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Rising US bond yields won’t stop Asian equities rally
Steepening curve driven by optimism over global growth rather than fears of policy tightening
25 Feb 2021 | Bayani S. Cruz

The sudden rise in US treasury yields this week is not expected to adversely impact the on-going rally in Asian equities in the long term because the underlying drivers are based more on optimism about global growth rather fears of policy tightening by the central banks.

Although there may be a slowdown in the rebound of Asian stocks as investors evaluate whether the rise in interest rates signals that central banks are about to change their current accommodative monetary policy, there is consensus among asset managers that equities will continue to gain favour among investors.

The US 10-year treasuries have risen around 85bp off its record lows in August of last year, with the 10-year US treasury (UST) yield creeping towards 1.4%, while the 2-year UST has been better anchored. Since the beginning of the year, yield differential between 2-year and 10-year UST has widened from 80bps to 116bps.

David Chao, global market strategist, Asia-Pacific (ex-Japan), at Invesco, says: “Market participants can expect low interest rates for a longer period of time, which is the starting point for the recovery trade that I have been embracing, which includes a modestly positively-sloped yield curve, weaker US dollar, stronger commodity prices, corporate credit outperformance relative to government bonds, and stock market outperformance relative to government bonds.”

“Asian economies are comparatively more cyclical than other regions and Asian equities should disproportionately benefit from this investment cycle,” he adds.

Falling Covid-19 cases

The rally in commodity prices (particularly oil and copper) over the last few weeks and the resilience of Asian currencies versus the US dollar suggest that these trends are taking place against a backdrop of falling new daily Covid-19 cases globally, as well as the accelerating vaccine rollout and the prospect of more fiscal stimulus, according to asset managers.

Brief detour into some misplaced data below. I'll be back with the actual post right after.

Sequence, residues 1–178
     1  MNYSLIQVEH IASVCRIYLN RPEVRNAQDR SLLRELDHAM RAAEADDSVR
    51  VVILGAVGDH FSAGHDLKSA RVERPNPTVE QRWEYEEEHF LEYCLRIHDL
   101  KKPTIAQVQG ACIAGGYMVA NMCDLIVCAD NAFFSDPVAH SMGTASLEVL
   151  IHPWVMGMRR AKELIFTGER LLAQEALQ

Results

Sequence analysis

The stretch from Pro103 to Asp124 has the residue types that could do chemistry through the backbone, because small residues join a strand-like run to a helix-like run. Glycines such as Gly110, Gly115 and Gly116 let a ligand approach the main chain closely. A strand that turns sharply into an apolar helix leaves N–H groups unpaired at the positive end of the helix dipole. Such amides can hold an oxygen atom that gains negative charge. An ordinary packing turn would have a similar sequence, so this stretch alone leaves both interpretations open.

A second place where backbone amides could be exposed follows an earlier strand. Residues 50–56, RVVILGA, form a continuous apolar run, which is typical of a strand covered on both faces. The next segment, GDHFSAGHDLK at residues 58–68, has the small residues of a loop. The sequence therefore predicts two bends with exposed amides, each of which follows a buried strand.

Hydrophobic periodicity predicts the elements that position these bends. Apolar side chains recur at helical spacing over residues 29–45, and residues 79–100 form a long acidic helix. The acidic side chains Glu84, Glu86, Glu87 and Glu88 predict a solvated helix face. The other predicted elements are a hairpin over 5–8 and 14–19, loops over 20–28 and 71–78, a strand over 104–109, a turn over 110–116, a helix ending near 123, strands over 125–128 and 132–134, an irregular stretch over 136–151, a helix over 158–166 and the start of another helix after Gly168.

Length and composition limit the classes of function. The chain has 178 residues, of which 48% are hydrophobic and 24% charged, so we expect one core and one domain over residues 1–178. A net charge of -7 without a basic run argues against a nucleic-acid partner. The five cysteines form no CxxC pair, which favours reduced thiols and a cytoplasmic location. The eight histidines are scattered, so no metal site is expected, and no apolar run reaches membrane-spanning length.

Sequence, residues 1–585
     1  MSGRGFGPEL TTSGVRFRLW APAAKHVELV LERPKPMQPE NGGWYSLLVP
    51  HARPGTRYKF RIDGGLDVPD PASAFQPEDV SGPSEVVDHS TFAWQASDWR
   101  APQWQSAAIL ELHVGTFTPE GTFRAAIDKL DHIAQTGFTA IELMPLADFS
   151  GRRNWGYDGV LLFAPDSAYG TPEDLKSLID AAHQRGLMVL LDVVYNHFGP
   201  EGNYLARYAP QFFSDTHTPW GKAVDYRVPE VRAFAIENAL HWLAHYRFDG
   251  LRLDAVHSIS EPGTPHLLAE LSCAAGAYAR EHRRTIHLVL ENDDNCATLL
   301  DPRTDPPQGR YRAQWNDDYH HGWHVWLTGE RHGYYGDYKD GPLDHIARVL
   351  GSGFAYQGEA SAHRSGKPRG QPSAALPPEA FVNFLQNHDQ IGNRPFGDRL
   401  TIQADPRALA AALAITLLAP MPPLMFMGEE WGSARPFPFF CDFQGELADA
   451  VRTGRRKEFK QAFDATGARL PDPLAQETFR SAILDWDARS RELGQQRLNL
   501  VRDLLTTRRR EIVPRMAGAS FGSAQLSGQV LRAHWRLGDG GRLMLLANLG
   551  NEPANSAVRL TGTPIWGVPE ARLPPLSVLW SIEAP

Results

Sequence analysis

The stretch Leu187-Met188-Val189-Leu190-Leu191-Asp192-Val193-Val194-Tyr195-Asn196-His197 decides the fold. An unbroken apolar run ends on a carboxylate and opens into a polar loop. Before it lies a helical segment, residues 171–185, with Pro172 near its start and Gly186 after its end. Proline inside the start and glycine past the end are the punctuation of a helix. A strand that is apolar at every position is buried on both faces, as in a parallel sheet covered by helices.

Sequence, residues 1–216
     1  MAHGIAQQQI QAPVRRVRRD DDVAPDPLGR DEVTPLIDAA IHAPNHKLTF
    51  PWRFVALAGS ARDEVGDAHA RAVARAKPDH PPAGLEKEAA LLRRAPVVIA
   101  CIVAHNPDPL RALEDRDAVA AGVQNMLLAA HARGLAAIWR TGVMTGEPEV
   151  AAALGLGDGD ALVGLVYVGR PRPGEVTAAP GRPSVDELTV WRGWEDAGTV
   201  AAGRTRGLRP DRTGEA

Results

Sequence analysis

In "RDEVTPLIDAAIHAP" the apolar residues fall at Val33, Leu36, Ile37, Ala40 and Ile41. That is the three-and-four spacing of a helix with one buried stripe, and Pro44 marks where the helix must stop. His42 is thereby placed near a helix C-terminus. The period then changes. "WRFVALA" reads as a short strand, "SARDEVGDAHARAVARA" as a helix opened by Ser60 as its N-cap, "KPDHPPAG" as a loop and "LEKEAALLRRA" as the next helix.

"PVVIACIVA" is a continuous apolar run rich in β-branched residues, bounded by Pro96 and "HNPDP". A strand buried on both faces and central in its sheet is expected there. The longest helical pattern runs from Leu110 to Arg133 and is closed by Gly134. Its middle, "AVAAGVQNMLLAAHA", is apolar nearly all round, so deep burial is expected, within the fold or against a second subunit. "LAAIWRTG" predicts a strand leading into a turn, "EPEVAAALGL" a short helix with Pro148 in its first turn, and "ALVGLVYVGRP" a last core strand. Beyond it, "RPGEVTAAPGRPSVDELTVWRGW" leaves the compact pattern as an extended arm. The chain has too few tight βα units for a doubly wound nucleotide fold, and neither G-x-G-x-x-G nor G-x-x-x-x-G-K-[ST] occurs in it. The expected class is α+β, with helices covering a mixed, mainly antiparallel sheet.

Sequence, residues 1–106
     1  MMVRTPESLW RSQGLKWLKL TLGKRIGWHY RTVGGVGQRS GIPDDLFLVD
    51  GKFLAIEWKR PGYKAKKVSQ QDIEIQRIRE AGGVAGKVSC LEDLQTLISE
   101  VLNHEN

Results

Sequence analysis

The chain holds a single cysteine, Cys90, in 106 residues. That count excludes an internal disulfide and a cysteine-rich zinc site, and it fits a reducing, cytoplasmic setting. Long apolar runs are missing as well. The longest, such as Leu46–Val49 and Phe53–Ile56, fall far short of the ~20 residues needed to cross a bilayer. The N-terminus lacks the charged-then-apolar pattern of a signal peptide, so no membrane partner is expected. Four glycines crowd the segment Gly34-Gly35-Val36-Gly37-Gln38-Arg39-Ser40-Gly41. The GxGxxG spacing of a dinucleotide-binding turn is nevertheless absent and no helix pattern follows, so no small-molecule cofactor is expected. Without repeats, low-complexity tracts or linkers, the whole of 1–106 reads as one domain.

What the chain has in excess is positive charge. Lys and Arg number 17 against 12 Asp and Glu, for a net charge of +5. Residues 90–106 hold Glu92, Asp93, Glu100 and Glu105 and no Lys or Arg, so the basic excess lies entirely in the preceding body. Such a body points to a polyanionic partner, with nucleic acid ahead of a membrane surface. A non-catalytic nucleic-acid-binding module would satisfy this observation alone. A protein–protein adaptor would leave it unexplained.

“The quick steepening of the yield curve is bringing flashbacks of the 2013 taper tantrum, during which the 2s/10s UST differential widened by 80bps in six months,” says Alex Wolf, head of investment strategy, Asia, at J.P. Morgan Private Bank. “Asia markets reacted badly to it. But in the current environment, we think the underlying drivers and implications are quite different. A quick look at cross-asset market moves suggest that the move up in yields is led by optimism about global growth, rather than fears of policy tightening.”

Wolf says a lot of the optimism about global growth will be realized in Asia this year. Drivers for this rebound include: first, strong export growth in region as a result of more fiscal stimulus in the United States, strong tech exports, and normalization of consumption in China; second, rising commodity prices, which will benefit several Asian countries such as Indonesia and Malaysia; and third, the pent-up demand in household spending.

“As labour markets in Asia continue to recover, income growth normalized ahead of consumption growth in the second half of last year. This implies that there is room for a consumption catch-up in 2021,” Wolf says.

Also, Asia’s economic fundamentals are stronger. Current account balance as a share of GDP improved across the board in 2020, which points to an even bigger buffer of US dollar savings for surplus economies, and smaller imbalances for deficit economies. This in turn implies less structural demand for external financing to plug the current account gap in the near term.

Regional inflation

Chao warns that instead of rising US treasuries, Asian investors should keep an eye on accelerating regional inflation and the impact it will have on emerging market economies and risk assets in the region.

“The recent spike in oil prices is concerning, although manageable for many of Asia’s net oil importer economies. Correspondingly, the Chinese PPI (producer price index) recently increased due to a rise in industrial output prices. That said, I still think that some intentional, near-term reflationary pressure is a good thing – this signifies that deflation risks are subsiding,” Chao says.

There are also new monetary policy changes investors should take into consideration, including the fact that the Federal Reserve has implemented a new average inflation targeting approach, which indicates that the US central bank will keep interest rates low even as inflation overshoots its ideal 2% target.

“It’s possible that both US and Asian stocks could see a period of consolidation given the recent frothiness. While the likelihood of a Fed policy change is nil, I wouldn’t rule out an inflation scare,” Chao says.

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